a. Top: Events extracted from population two-photon calcium imaging of Purkinje cells during the behavioral task, expressed as a heatmap. Activity in an example session is aligned to object appearance (dashed line) on trials in which the mouse did not immediately turn the wheel (turn latency >0.75 s). Bottom: summary of activity and behavior for all sessions. N = 1101 neurons, 6 mice, 6 sessions (1 session per mouse). Data are shown as mean ± s.e.m. b. Top: Heatmap of activity in an example session aligned to wheel turns (dashed line) that occurred within a trial (left) or outside of a trial (right). Bottom: summary of activity and behavior for all sessions. N = 1101 neurons, 6 mice, 6 sessions (1 session per mouse). Data are shown as mean ± s.e.m. c. Top: Heatmap of activity in an example session aligned to wheel turns (dashed line) that occurred early within a trial (turn latency ≤0.75 s) or late in a trial (turn latency >0.75 s). Bottom: summary of activity and behavior for all sessions. N = 859 neurons, 5 mice, 5 sessions (1 session per mouse). Note that one session was excluded from these analyses because it only had 4 trials in which it initiated a movement with turn latency >0.75 s. Data are shown as mean ± s.e.m. d. Comparison of first significant population-wide event after object appearance (defined as the time points when the mean event rate for a field of view exceeded the mean + 2 s.d. of activity during the withhold period on each trial) to the reaction time of the mouse on each trial. Dots represent individual trials and dots of the same color represent individual sessions (one session per mouse). Black line and shaded bar represent linear fit and 95% confidence interval through all data points (linear regression, p = 3 × 10−42). N = 594 trials, 6 mice, 6 sessions (1 session per mouse). e. Same as panel d but for the last population-wide event before movement onset (linear regression, p = 8 ×1 0−190). f. Summary of Pearson’s correlation coefficients of activity traces for individual neurons between wheel turns within trial and outside of trial (green bar, interval -300 to +300 ms relative to wheel movement, N = 1101 neurons, 6 mice, 6 sessions), between trial onsets without movement and wheel turns within a trial (gray bar, interval +100 to 700 ms for trial onset and -300 to +300 ms for wheel turns in order to align peaks of activity, N = 1101 neurons, 6 mice, 6 sessions), and between wheel turns that occurred early within a trial and movements that occurred late within a trial (blue bar, interval -300 to +300 ms relative to wheel movement, N = 859 neurons, 5 mice, 5 sessions). Intervals for correlation analysis were chosen to align the peaks of the responses for each condition. Data are shown as box plots: center line, median; box edges, interquartile ranges; whiskers, range without outliers (1.5 times the interquartile range from box edges); black points, outliers (Kruskal-Wallis test, H = 359, d.f. = 2, p = 9 × 10−79, significance values for Bonferroni-corrected individual comparisons: wheel turns: within trial and outside of trial vs trial onset without movement and wheel turns within trial, p = 7 × 10−63; wheel turns: within trial and outside of trial vs wheel turns within trial: early and late, p > 0.9; trial onset without movement and wheel turns within trial vs wheel turns within trial: early and late, p = 1 × 10−54). Statistics summary: n.s. = not significant, ***p < 0.001.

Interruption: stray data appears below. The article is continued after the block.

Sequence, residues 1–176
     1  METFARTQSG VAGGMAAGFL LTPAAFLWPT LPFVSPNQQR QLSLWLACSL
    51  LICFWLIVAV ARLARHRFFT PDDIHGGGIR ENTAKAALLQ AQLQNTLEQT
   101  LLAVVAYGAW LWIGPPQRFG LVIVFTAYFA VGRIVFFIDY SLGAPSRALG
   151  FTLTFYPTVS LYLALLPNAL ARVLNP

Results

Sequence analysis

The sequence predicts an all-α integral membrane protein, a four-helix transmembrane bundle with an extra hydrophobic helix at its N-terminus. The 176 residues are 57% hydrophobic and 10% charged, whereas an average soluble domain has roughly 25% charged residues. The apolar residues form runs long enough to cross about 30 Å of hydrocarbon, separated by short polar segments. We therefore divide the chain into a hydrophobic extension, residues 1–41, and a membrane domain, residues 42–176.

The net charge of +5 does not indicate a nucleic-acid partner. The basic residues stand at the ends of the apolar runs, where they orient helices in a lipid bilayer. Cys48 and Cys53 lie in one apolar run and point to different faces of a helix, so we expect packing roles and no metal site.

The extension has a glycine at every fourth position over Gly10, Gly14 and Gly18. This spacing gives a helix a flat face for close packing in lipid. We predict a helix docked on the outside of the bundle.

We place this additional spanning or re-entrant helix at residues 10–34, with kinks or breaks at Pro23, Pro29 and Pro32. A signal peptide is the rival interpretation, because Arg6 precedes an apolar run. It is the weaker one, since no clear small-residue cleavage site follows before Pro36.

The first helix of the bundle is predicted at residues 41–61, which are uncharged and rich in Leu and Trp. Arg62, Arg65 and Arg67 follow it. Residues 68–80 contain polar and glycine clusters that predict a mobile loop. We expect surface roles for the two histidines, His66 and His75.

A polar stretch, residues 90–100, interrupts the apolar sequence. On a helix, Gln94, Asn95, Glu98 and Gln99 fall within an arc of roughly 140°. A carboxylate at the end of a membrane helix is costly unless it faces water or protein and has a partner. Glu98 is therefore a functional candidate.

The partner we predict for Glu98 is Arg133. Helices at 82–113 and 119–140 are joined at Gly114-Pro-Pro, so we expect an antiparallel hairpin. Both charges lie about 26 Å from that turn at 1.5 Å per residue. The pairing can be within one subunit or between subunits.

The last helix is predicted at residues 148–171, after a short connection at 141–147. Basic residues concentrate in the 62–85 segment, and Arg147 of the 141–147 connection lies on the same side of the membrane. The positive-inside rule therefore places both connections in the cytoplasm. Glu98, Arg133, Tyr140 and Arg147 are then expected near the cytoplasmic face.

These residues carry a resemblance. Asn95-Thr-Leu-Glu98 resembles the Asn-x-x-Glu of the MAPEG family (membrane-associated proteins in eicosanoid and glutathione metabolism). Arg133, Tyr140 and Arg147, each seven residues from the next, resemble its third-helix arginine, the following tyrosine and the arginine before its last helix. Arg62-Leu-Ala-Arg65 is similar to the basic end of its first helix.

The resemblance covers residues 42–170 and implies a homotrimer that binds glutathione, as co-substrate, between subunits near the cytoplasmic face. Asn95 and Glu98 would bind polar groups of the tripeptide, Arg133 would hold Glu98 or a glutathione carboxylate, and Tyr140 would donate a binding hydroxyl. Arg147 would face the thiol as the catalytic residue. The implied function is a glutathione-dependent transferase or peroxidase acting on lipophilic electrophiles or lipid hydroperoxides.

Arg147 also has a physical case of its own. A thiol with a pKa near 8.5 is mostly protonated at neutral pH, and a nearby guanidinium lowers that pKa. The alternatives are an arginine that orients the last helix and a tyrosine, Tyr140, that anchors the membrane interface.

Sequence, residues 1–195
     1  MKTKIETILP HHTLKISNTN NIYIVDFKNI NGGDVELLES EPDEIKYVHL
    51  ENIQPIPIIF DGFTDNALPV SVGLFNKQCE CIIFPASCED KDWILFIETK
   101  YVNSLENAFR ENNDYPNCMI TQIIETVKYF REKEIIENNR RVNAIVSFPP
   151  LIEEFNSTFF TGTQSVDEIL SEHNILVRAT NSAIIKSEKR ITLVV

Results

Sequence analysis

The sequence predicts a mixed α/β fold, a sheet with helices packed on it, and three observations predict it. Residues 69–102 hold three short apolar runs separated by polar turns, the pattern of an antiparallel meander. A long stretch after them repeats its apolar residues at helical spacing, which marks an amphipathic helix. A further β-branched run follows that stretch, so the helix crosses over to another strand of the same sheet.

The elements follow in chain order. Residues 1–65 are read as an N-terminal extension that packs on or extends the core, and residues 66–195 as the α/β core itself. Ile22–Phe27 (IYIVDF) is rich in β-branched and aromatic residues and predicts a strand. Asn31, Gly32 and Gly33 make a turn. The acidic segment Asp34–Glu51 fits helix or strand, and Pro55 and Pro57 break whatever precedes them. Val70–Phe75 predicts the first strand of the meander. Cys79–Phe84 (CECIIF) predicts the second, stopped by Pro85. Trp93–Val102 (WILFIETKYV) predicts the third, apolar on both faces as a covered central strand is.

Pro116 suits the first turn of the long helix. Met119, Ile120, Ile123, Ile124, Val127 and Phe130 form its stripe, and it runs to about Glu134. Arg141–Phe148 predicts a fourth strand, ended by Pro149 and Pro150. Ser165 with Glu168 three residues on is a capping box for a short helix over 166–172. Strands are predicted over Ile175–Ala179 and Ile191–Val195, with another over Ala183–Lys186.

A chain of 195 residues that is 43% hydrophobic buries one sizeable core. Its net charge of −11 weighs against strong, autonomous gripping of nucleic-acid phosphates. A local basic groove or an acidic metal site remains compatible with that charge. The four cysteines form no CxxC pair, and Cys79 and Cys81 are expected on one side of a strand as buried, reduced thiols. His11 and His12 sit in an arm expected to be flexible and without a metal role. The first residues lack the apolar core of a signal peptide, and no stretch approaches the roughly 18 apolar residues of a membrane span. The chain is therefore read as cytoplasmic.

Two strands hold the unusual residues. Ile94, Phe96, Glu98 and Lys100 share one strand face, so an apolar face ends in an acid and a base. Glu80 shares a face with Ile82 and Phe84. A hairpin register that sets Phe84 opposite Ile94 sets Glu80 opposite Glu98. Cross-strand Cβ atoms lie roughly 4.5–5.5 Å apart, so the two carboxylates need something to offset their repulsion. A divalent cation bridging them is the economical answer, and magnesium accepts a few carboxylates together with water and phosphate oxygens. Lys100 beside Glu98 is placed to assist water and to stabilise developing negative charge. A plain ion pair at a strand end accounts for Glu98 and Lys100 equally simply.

Workflow for microzone identification is shown: a. Significant principal components were identified by performing 1000 iterations of PCA on cell-wise jittered data (interval ± 400 ms, whole recording) and choosing first p principal components that explained significantly more variance than the jittered components. b. The appropriate number of clusters for each data set (spontaneous data only) were chosen from the interval [1:12] based on silhouette analysis. PCA projection in 3 dimensions shown before clustering (left, pseudocolored by coefficients of 4th component) and after initial clustering (right, colored by cluster). c. The initial clusters for each recording were mapped on anatomy and exclusion criteria were applied to obtain pure clusters. d. ROI centroids were projected on to the mediolateral anatomical axis and binned at ~80 μm (64 pixels). Secondary peaks were identified with a threshold of 40% of the maximum bin. If secondary peaks were found, individual ROIs were assigned to the closest peak (none found in example dataset). e. The median position for each cluster was computed and ROIs that were more than 3 median absolute deviations away from median were excluded as outliers. f. Final cluster designations were assigned, ROIs were organized spatially within each cluster and clusters were organized spatially relative to each other.